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World Asthma Awareness Month: The rise of bronchial asthma in India and the role of pollution

Treatment during an asthma attack

A recent report by World Health Organization (WHO) stating that 14 out of the 20 most polluted cities are in India is really worrying. While the poor air quality is equally dangerous for all individuals, it is definitely more harmful for those suffering from breathing disorders.

One of the most common respiratory diseases around the world is bronchial asthma. As per WHO between 100 and 150 million people worldwide are suffering from this disease and the number is only rising – it has reached over 1,80,000. In India alone, over 15 million people suffer from asthma. As May is observed as World Asthma Awareness Month, we asked various experts about the presence of bronchial asthma in India and here’s what they had to say.


“Because the population has increased, the absolute number has definitely increased but if you think of percentage in the major cities, there is an evident increase in the percentage as well,” informs Chawla when asked whether he has felt that the number of asthma cases have increased over the years. With over 32 years of experience, he states that over 50 to 60 per cent of his patients are asthmatic. He further states that though the percentage has increased, there is also an increase in the suffering of people due to pollution.

“Pollution, especially indoor air pollution from dust mites, dusty carpets, incense sticks, curtains play a major role in causing bronchial asthma,” states Sudarshan. However, he agrees that there is a rise in the number of asthma patients, He also states that there is a rise in awareness among people. “Yes, the incidents are increasing but there is also an increase in research, proper treatment and awareness among the public.”

Old cars and unplanned urbanisation also play a big role in adding to pollution and hence aggravating breathing problem.

Understanding Asthma

Asthma, medically known as bronchial asthma, is a condition that occurs due to the inflammation of the air passages in the lungs. “Bronchial asthma is a variable obstruction in the airways and there are certain aggravating factors called triggers such as change of season, pollen, fungus, cold air, dust, insects, perfumes that cause the reactions,” explains Dr Rajesh Chawla, senior consultant Pulmonary and Sleep disorders at Indraprastha Apollo Hospitals, New Delhi.

However, not all people suffering from asthma experience the same trigger. Just like there are multiple triggers, there are also many types of asthma that are activated by different causes which is why no one treatment fits all.

“Asthma can be broadly put in two groups; allergic and non-allergic, but there are various other sub-categories as well,” explains Dr BP Singh, chief Pulmonology department of Midland Healthcare and Research Centre, Lucknow.

While there is not one particular cause for the disease, there are many factors such as smoking, exposure to chemical irritants, low birth weight and respiratory infection that can set off asthma. Moreover, cold weather and extreme physical exercise can also make the situation worse.


Though the causes and trigger vary, the symptoms of asthma more or less remain the same across patients.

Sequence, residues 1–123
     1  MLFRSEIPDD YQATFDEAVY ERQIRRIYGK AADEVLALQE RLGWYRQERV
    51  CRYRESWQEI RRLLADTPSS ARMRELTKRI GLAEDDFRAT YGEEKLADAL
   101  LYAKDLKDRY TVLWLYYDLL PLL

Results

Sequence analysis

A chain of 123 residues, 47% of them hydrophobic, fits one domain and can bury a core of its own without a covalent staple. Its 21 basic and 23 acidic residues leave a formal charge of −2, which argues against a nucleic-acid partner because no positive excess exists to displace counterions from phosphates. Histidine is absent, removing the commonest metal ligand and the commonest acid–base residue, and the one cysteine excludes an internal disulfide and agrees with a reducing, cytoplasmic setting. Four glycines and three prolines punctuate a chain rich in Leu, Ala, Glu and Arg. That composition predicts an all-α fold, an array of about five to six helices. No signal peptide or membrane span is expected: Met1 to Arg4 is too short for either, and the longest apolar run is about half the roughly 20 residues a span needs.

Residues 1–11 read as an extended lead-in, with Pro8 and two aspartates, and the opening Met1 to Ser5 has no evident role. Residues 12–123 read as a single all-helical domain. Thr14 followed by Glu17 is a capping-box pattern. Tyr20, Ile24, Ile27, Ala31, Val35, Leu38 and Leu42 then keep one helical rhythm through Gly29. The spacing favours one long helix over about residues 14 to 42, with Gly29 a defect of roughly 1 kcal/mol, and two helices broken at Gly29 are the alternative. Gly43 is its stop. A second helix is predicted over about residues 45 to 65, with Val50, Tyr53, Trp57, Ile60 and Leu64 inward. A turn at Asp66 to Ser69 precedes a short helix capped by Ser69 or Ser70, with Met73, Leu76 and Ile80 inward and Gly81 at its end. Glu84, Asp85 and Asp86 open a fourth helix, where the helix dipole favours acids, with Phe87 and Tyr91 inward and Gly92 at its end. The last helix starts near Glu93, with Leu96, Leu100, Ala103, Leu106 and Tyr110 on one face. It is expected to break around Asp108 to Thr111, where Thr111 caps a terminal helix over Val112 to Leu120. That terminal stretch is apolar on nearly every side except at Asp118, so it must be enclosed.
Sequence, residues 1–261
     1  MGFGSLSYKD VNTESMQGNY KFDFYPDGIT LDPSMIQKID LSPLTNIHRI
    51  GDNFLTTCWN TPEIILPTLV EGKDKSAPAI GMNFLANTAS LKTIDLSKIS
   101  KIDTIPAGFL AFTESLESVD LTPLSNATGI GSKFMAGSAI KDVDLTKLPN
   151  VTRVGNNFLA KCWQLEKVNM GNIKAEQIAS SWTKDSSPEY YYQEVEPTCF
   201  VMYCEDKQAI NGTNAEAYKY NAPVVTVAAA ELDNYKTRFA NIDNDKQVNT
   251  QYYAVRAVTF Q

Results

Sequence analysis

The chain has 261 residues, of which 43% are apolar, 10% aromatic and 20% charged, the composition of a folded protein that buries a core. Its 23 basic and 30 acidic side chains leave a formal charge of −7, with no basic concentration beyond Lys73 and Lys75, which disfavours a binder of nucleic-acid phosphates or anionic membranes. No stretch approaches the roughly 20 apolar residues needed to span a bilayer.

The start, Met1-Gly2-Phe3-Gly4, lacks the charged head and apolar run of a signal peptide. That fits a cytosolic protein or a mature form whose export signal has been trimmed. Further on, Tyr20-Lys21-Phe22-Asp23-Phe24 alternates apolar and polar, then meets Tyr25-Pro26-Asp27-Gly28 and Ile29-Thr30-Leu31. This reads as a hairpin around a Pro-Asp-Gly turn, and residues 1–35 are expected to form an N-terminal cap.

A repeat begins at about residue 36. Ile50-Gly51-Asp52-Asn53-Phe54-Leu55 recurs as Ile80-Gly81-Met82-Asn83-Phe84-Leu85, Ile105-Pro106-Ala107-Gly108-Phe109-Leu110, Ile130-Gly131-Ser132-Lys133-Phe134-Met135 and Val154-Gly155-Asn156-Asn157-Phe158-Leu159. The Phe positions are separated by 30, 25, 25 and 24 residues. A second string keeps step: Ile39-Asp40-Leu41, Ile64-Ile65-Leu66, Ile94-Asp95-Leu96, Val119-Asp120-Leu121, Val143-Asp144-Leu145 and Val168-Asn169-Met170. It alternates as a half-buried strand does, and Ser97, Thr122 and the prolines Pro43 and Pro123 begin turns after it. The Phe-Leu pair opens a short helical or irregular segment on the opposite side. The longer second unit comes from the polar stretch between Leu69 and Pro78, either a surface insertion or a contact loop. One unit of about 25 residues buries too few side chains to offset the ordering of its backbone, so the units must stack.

“Wheezing, cough, breathlessness, night and early morning breathing discomfort are the common symptoms of asthma,” describes Dr Sudarshan KS, assistant consultant Pulmonology Fortis Hospitals, Bangalore. “Most people in India still confuse asthma with bronchitis. They fear to accept these symptoms as bronchial asthma. Bronchitis is an inflammation of the airway, it can be related to certain infections whereas asthma is chronic and acute,” he elaborates.

Over the years, there have been various technological advancements and treatments that have made it easier to control and prevent asthma attacks. However, the number of people suffering from the disease has continued to rise.

According to a WHO fact sheet, there are several experts who are struggling to understand why the rates worldwide are rising by 50 per cent every decade. There have been incidents where people who have never had asthma are suddenly suffering from severe asthma attacks that needs emergency treatment.


As asthma is a chronic condition, it requires continuous medical care. The patients, who suffer from moderate to severe asthma have to take long term medication such as anti-inflammatory drugs to control the underlying inflammation and prevent attacks.

“Number of patients have of course increased, but the treatment to asthma has also become simpler. It is now more understood and streamlined. So if an asthmatic takes their medicines right, they lead almost a normal life. 90 per cent of the patients, if they follow the doctor’s advice properly and take inhalers even when they are not suffering, they do fine,” states Chawla.

However, medications should not be the only way to control asthma. It is also important to avoid the trigger.

“Precaution is very important. You have to avoid triggers such as dust, flowering plants, pets, cotton pillow producing dust. Inhalers are the best treatment for bronchial asthma and there are two types of inhalers –metered-dose inhalers and dry-powder inhalers– which have to be taken,” said Singh.

When it comes to pollution, there is very little we as individuals can do to prevent the worsening quality of air. While growing trees and setting up plants around the house are some options, it is difficult to avoid it at all times. Hence, the best way to prevent oneself from an asthma attack is precaution. As advised by doctor Chawla, “Know your triggers and avoid your triggers. Keep your daily schedule regular. Don’t expose yourself to dust and understand your medicine properly,” to keep your airway healthy.